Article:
In the game you switch between two ready made characters, both of whom are essentially warriors. You can choose a fighting style during character creation but this is really only a choice of an offensive or defensive approach as certain skills only work with particular weapons and armour. You can choose to play as an archer, but often when you are on your own you don't get the chance to use ranged weapons before someone is pounding your head in with a sword. For some bizarre reason ranged weapon skills are divided by the type of arrow they use ( cutting or piercing ) rather than the weapon that fires them ( bows or crossbows ). You can alter the basic attribute scores for both characters, although all of them relate to combat rather than socialisation or other skills, so the choice is already pretty much determined by your choice of fighting style. There are no options to alter your characters appearance or have any other influence on the character you play.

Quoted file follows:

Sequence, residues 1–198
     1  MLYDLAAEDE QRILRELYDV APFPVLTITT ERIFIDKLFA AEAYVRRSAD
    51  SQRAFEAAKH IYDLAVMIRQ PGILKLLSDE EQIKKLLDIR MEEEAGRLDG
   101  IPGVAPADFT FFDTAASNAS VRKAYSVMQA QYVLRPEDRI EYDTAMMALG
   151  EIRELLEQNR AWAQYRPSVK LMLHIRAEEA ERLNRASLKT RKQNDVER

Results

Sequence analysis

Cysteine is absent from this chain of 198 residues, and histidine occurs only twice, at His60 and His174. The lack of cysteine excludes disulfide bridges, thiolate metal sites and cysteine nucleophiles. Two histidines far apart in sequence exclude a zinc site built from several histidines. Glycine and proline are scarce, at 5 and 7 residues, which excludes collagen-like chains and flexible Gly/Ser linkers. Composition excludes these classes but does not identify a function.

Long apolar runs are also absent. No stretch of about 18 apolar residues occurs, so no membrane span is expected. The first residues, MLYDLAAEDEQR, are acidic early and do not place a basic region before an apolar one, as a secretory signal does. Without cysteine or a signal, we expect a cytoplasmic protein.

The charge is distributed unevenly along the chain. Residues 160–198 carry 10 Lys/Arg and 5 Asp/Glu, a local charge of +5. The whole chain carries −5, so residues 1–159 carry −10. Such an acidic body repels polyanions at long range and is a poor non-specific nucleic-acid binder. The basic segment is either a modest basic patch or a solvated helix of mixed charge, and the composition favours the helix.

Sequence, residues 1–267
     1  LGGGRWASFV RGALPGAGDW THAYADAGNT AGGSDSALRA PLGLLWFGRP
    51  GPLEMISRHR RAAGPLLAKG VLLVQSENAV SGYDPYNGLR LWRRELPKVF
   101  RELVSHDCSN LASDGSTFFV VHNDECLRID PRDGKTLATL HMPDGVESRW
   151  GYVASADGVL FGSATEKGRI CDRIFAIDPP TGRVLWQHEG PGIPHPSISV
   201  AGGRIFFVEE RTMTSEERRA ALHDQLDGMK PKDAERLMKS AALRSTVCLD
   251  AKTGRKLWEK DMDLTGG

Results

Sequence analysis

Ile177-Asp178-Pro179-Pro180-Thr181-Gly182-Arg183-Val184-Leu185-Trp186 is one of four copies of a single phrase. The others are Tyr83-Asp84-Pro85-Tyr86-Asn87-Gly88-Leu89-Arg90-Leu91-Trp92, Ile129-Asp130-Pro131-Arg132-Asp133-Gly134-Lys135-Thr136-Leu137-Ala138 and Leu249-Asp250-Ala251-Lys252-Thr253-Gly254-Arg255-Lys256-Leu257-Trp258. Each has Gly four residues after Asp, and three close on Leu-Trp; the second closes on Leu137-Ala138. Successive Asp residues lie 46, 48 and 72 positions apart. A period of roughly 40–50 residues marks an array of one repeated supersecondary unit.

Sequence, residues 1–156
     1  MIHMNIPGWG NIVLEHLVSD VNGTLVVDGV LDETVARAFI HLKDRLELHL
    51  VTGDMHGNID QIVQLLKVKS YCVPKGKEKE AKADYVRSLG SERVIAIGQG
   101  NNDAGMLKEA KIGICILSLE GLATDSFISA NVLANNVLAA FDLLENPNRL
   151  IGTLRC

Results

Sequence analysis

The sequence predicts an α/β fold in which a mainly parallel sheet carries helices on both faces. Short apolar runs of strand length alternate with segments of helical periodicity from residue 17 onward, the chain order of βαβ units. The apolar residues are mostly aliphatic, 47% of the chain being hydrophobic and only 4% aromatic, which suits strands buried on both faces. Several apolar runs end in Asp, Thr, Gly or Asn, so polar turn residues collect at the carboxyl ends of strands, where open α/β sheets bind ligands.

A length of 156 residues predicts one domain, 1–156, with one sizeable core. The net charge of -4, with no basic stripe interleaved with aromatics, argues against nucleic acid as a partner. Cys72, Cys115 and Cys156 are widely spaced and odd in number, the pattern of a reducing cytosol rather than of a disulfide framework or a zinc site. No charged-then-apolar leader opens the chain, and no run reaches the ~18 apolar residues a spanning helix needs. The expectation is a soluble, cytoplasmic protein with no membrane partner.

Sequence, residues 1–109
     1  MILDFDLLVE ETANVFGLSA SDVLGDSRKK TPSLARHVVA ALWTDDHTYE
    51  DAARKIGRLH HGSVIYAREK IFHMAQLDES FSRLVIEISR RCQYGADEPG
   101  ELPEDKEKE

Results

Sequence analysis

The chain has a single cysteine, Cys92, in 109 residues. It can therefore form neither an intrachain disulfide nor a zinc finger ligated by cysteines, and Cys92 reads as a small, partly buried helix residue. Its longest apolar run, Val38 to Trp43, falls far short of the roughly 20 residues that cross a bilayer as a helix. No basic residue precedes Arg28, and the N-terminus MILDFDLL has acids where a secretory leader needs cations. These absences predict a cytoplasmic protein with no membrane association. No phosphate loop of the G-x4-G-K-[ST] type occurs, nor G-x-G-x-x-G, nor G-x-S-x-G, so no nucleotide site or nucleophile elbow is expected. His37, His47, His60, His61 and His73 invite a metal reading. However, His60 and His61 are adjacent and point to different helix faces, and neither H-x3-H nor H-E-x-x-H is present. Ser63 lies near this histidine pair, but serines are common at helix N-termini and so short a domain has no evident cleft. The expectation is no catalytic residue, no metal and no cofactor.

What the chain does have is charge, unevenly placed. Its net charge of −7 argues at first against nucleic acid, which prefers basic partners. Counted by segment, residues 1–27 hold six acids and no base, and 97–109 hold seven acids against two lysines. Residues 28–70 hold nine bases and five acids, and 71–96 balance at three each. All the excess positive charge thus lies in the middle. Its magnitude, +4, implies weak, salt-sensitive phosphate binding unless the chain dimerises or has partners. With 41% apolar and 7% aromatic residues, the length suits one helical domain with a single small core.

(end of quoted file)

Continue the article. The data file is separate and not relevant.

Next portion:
A lot of the game consists of following the directions you are given, going from point to point as predetermined by the plot. There is an awful lot of dialogue in the game, and for every ten minutes of listening to an NPC talk you might get to make one small choice in how you reply. For dedicated fans of the books this might be more interesting but for others the dialogue is far too lenghty and overdone. I found myself switching off mentally half way through and then missing some important point. I was also amused by the poor graphics during conversation with all the character constantly adopting an "I'm a little teapot" stance, with one hand on their hip. I've seen poor animation during dialogue in games before but this is laughably bad.